FATF, Pakistan and FATF 'grey list' History explained FATF, Pakistan and FATF 'grey list' History explained

FATF, Pakistan and FATF 'grey list' History explained

Pakistan to stay in FATF 'Grey List'

The Financial Action Task Force (FATF) on Friday announced that Pakistan will remain on the Financial Action Task Force "increased monitoring list", known as the FATF grey list. Pakistan has already put on their best efforts by implementing 26 out of the 27-points of FATF action plan in order to move out of the FATF grey list but members of FATF are not yet satisfied with Pakistan's progress on the given action plan.

FATF, Pakistan and FATF 'grey list' History explained
Pakistan to stay in FATF 'Grey List'

According to FATF president "Pakistan has made significant progress on the action plan by making progress on 26 points out of 27"

First we need to understand what FATF really is

What is FATF?

The Financial Action Task Force also known as FATF, is an intergovernmental organization founded in 1989 by G7 countries to develop aggressive policies to combat money laundering and terror financing.

FATF set standards and promote effective implementation of legal, regulatory and operational measures for combating money laundering, terror financing and other related threats to the international financial system. FATF is a policy-making body for actions against all above mentioned threats. FATF monitors progress in implementing its Recommendations through "peer reviews" of member countries.

What is FATF 'grey list'?

FATF grey list contains list of all those countries ho are considered as safe heavens for money laundering and terror financing but all these countries are willing to cooperate with FATF on their action plan to reduce these risks. This list contains 19 countries till date including Pakistan, Syria, Myanmar, Panama and many others.

What is FATF 'black list'?

FATF black list comprises of all those countries who are not willing to cooperate in taking actions against money laundering and terror financing. Countries in this list face serious implications in terms of trade and international relations as G7 countries impose restrictions on black listed countries. So far Iran and North Korea have been black listed by FATF. You can see how much negative impact countries economies face when they are black listed by looking at the situation of Iran and North Korea.

When Pakistan entered FATF grey list?

Pakistan entered FATF 'grey list' in 2008 for the first time as it was noted by FATF at that time Pakistan have no legislation of anti-money laundering and terror financing. Hence it posses big threat to international financing system.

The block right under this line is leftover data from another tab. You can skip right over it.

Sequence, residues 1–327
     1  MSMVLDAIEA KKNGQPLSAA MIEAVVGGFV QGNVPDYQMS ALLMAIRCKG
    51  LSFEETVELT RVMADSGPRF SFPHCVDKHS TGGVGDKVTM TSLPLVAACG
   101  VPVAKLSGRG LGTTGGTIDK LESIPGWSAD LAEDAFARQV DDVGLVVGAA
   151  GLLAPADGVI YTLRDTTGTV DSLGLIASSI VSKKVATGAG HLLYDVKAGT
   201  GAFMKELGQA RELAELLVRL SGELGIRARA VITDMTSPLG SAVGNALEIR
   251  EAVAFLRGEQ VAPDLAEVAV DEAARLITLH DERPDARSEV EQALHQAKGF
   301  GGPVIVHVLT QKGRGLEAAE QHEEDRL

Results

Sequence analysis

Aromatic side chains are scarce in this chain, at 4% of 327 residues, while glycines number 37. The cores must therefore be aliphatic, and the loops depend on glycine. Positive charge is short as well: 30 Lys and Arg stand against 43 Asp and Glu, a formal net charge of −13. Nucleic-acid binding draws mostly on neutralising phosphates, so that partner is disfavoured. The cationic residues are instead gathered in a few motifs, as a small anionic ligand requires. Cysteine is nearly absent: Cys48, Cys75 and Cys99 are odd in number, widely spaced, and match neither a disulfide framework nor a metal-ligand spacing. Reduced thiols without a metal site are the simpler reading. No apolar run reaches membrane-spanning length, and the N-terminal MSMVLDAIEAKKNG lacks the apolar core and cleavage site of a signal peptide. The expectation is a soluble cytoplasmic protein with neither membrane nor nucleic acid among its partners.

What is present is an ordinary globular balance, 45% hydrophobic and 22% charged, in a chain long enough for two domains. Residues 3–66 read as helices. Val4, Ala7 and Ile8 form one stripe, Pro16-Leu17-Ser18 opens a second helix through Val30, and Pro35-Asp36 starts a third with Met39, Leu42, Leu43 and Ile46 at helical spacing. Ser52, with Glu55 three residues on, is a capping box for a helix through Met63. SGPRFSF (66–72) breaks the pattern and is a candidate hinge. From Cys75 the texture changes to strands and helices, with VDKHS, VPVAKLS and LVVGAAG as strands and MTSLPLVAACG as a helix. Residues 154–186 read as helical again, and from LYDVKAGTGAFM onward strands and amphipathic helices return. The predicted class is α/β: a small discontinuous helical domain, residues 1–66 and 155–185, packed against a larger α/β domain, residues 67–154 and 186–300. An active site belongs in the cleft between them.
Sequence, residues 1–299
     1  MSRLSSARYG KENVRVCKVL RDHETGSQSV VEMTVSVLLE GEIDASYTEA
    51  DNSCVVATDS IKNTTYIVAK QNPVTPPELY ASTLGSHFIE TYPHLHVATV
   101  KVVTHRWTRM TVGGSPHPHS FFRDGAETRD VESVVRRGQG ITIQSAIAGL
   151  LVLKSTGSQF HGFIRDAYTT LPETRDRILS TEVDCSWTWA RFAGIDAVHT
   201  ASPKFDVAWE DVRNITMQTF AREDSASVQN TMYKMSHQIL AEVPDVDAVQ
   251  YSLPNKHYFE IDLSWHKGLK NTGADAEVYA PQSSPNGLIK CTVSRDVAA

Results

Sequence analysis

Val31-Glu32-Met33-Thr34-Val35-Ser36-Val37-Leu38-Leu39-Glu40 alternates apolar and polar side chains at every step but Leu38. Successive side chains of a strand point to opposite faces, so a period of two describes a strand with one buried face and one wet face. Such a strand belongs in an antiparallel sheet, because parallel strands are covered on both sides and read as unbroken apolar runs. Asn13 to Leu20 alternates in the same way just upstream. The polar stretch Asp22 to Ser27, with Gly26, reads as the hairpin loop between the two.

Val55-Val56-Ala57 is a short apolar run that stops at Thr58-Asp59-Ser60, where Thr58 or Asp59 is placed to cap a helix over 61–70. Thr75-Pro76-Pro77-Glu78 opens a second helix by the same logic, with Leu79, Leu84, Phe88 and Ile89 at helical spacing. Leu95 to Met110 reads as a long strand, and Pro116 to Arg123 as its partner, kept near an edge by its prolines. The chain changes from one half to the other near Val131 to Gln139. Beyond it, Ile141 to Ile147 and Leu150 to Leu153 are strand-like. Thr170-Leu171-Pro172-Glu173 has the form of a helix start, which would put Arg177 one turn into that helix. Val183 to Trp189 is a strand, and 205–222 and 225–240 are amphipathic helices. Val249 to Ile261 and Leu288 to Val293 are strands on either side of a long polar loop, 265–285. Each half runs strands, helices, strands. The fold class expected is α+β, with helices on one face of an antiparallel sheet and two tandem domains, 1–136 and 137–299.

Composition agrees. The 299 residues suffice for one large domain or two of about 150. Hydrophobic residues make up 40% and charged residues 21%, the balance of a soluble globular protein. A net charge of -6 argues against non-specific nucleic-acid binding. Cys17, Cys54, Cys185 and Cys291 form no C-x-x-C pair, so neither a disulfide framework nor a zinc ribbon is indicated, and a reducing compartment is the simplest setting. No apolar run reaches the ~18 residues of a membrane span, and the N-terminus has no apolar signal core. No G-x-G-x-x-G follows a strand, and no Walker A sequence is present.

Then Pakistan was again put on the list of bad guys by FATF in 2012, at that time terrorism in Pakistan was at its peak and there were chances of Pakistan to be placed on 'black list' but after some good legislation Pakistan came out of FATF grey list in 2015.

Pakistan was placed back on the list of countries with legislative deficiencies in 2018 and Pakistan was given 15 months to implement action plan to get out of grey list. But that didn't happen and Pakistan is still on the list of FATF in year 2021 and there was a good chance of coming out of the list in June, 2021 but that didn't happen.

FATF and international politics:

There is a major public opinion in Pakistan and some other countries that FATF is being used by powerful countries like US for their own political gains. It was also reported that Pakistan as placed on the grey list on the recommendation of USA in 2018. With India eagerly wanting to push Pakistan in FATF 'black list' countries like China and Turkey are helping in portraying soft image of Pakistan to the world. All of this states that FATF is being used by powerful countries for their own gains rather than controlling International money laundering. Greater example of this is Pakistan's current relations with USA. US want airbases in Pakistan which Pakistan isn't willing to give so USA is pilling up pressure on Pakistan with the help of FATF. President Biden must not be very pleased after watching Prime minister Imran Khan's interview with HBO.

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